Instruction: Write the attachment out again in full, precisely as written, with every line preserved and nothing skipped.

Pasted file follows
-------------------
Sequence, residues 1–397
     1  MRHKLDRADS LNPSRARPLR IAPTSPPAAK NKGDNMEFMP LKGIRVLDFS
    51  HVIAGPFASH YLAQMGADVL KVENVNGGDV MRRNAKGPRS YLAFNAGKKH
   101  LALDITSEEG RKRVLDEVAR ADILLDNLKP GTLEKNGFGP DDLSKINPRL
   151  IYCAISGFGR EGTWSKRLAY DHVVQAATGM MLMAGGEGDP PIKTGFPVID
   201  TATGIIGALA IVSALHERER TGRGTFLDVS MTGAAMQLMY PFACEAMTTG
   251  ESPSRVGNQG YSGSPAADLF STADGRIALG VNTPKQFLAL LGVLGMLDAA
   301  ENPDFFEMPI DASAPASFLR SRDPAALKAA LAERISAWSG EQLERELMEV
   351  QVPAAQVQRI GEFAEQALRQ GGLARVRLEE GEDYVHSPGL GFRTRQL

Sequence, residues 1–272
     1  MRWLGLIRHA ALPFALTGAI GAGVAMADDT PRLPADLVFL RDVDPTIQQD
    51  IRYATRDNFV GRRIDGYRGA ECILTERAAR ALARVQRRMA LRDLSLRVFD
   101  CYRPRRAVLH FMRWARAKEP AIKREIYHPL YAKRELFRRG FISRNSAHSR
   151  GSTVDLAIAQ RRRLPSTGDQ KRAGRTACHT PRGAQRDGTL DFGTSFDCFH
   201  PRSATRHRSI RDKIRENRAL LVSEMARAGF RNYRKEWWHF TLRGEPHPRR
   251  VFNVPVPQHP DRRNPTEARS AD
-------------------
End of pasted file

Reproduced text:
Sequence, residues 1–397
     1  MRHKLDRADS LNPSRARPLR IAPTSPPAAK NKGDNMEFMP LKGIRVLDFS
    51  HVIAGPFASH YLAQMGADVL KVENVNGGDV MRRNAKGPRS YLAFNAGKKH
   101  LALDITSEEG RKRVLDEVAR ADILLDNLKP GTLEKNGFGP DDLSKINPRL
   151  IYCAISGFGR EGTWSKRLAY DHVVQAATGM MLMAGGEGDP PIKTGFPVID
   201  TATGIIGALA IVSALHERER TGRGTFLDVS MTGAAMQLMY PFACEAMTTG
   251  ESPSRVGNQG YSGSPAADLF STADGRIALG VNTPKQFLAL LGVLGMLDAA
   301  ENPDFFEMPI DASAPASFLR SRDPAALKAA LAERISAWSG EQLERELMEV
   351  QVPAAQVQRI GEFAEQALRQ GGLARVRLEE GEDYVHSPGL GFRTRQL

Sequence, residues 1–272
     1  MRWLGLIRHA ALPFALTGAI GAGVAMADDT PRLPADLVFL RDVDPTIQQD
    51  IRYATRDNFV GRRIDGYRGA ECILTERAAR ALARVQRRMA LRDLSLRVFD
   101  CYRPRRAVLH FMRWARAKEP AIKREIYHPL YAKRELFRRG FISRNSAHSR
   151  GSTVDLAIAQ RRRLPSTGDQ KRAGRTACHT PRGAQRDGTL DFGTSFDCFH
   201  PRSATRHRSI RDKIRENRAL LVSEMARAGF RNYRKEWWHF TLRGEPHPRR
   251  VFNVPVPQHP DRRNPTEARS AD